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  • Writer's pictureChelsea Wilkinson

Pricing. Pricing. Pricing.

It’s no secret that M&A deal activity started slowly in 2023. So, I was delighted to note in EY's 1Q 2023 Private Equity Pulse that March saw US$62bn in PE deals announced (whereas January was ~US$12bn, and February ~US$19bn).

Beyond the pleasing uplift, I found some of their other trends super interesting - these are what caught my eye:


  • Arguably, the private equity sector is better equipped than ever before to handle market volatility with more than US$1.2t in available capital, plus widely expanding operating toolkits.

  • In the face of macro headwinds and material instability in the banking system, PE firms are adjusting their focus to investing in long-term growth stories and companies with temporarily mispriced valuations.


  • Take-private deals dominate, representing over 80% of total PE activity by value so far in 2023 – as PE firms invested into high-quality assets which they believe are temporarily mispriced.


  • Tech-focused deals, particularly in software, account for 50% of PE's deployment this year, with opportunities in areas such as cybersecurity, AI/ML, climate-tech, and supply chain analytics.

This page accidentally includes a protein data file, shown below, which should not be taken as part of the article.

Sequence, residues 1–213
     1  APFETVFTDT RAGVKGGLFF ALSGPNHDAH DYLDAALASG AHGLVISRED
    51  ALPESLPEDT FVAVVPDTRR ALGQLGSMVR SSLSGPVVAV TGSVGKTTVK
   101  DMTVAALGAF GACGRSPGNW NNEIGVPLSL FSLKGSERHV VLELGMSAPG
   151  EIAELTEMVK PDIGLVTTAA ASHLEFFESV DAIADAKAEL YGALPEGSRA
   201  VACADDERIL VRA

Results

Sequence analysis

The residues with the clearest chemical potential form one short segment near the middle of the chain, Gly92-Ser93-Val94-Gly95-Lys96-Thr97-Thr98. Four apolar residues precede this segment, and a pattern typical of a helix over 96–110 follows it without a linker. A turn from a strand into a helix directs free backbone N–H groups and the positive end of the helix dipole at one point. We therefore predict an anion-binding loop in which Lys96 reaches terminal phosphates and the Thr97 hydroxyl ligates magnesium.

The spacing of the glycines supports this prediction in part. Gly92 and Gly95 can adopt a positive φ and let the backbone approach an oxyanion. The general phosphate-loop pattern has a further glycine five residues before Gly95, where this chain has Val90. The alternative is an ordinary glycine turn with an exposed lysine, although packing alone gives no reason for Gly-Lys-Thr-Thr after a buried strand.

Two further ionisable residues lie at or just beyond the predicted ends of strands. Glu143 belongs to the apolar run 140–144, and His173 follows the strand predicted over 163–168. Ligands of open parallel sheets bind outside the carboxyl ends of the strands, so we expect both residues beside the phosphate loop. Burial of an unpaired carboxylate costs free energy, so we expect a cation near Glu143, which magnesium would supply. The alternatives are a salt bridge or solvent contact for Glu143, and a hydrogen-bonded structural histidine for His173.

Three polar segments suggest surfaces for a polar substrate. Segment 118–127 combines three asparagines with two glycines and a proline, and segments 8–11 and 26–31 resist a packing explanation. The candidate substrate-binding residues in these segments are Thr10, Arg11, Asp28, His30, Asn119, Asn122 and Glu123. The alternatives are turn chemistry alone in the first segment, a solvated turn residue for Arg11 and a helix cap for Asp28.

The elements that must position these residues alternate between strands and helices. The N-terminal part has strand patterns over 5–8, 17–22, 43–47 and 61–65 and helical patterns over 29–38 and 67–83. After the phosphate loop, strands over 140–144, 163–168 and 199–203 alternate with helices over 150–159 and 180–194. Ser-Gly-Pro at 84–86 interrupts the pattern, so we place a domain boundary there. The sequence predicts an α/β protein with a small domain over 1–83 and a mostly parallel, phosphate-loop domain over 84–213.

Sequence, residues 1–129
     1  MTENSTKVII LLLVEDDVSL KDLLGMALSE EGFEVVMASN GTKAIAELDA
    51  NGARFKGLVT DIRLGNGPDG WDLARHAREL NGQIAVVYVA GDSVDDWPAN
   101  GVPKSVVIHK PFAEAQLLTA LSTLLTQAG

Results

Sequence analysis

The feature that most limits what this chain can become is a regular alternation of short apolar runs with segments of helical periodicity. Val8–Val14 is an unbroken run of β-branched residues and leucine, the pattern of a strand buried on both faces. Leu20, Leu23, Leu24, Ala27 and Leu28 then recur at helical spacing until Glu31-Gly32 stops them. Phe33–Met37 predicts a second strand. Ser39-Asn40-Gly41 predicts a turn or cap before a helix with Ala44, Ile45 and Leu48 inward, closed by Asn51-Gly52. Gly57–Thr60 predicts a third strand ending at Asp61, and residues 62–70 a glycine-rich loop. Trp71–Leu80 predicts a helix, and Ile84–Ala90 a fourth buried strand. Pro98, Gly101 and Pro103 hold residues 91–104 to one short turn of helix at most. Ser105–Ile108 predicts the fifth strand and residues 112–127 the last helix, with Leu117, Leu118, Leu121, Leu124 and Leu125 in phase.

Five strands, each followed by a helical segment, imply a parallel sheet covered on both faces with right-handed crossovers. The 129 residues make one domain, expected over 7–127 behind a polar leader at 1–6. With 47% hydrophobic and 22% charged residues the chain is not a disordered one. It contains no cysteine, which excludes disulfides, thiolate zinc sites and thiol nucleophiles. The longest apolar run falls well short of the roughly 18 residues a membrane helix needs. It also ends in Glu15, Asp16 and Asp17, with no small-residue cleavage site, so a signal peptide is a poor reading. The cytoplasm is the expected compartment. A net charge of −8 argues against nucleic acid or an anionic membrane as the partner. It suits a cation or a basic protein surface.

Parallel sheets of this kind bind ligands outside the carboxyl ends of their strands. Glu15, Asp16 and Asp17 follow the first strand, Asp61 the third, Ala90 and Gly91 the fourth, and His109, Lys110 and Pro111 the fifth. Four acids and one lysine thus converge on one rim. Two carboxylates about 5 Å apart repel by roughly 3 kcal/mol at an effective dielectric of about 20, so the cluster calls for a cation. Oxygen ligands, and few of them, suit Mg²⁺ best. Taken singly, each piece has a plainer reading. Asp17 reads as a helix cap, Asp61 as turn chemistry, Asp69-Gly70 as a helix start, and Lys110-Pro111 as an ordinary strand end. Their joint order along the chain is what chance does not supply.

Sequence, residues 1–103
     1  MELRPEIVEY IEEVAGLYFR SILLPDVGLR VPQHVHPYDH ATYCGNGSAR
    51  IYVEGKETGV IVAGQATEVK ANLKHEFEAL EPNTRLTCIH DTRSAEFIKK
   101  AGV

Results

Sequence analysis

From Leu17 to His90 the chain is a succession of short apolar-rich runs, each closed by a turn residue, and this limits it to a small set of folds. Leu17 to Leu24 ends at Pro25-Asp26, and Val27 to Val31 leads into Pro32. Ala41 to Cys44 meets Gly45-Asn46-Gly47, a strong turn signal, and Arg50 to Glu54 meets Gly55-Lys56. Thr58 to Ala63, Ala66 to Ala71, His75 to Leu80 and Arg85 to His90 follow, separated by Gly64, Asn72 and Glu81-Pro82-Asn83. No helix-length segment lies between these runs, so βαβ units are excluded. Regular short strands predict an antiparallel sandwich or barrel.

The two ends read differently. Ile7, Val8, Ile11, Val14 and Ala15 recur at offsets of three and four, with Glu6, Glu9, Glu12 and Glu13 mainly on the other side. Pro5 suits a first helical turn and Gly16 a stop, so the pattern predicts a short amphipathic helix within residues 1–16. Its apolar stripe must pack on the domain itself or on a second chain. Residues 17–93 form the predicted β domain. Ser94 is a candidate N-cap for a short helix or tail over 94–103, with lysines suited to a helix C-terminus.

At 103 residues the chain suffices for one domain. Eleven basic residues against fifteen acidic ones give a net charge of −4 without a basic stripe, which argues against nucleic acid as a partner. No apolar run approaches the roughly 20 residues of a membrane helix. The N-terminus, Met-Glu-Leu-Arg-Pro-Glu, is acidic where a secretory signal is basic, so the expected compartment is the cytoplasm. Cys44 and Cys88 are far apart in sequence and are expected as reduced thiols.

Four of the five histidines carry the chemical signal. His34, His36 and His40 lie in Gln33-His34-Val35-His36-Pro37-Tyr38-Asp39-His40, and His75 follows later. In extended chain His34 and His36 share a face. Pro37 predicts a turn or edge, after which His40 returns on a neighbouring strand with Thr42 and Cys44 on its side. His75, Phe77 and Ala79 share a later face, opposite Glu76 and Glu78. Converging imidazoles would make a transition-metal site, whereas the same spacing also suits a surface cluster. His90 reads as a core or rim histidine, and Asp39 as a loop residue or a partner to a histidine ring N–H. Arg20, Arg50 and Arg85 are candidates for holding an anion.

• Exit activity remains muted due to limited appetite from corporate acquirers and a mostly closed IPO window. However, EY notes that PE firms remain ready for when the IPO window reopens.


  • The challenging operating environment has catalysed private credit funds to step forward as PE’s traditional lenders stepped back. EY predict credit funds will continue to work together on larger deals.

  • PE secondaries are also gaining traction but remain a fraction of the overall primaries market.

  • As fundraising becomes more challenging (funds raised fell by 14% in Q1 versus the prior quarter), larger firms will target investors new to the asset class; blockchain and the tokenisation of assets will be powerful enablers to unlock investor populations previously untapped.

From DataDiligence’s perspective, these trends all lean into the inherent need to get pricing right from the onset. And data assets MUST be a part of this valuation of today, and tomorrow's potential.

Data due diligence enables investors to assess data risks, scalability, and functionality, plus the all-important data uses cases and potential monetisation possibilities. And test these against their investment thesis.

And if a data due diligence wasn’t done pre-acquisition, a data diagnostic (which is a very similar process) helps management teams assess data maturity and risks to their business strategy. Then align on the investment and priorities required to craft and better implement their data strategy.

If you need advice on how to assess and value data assets, don’t hesitate to call us.


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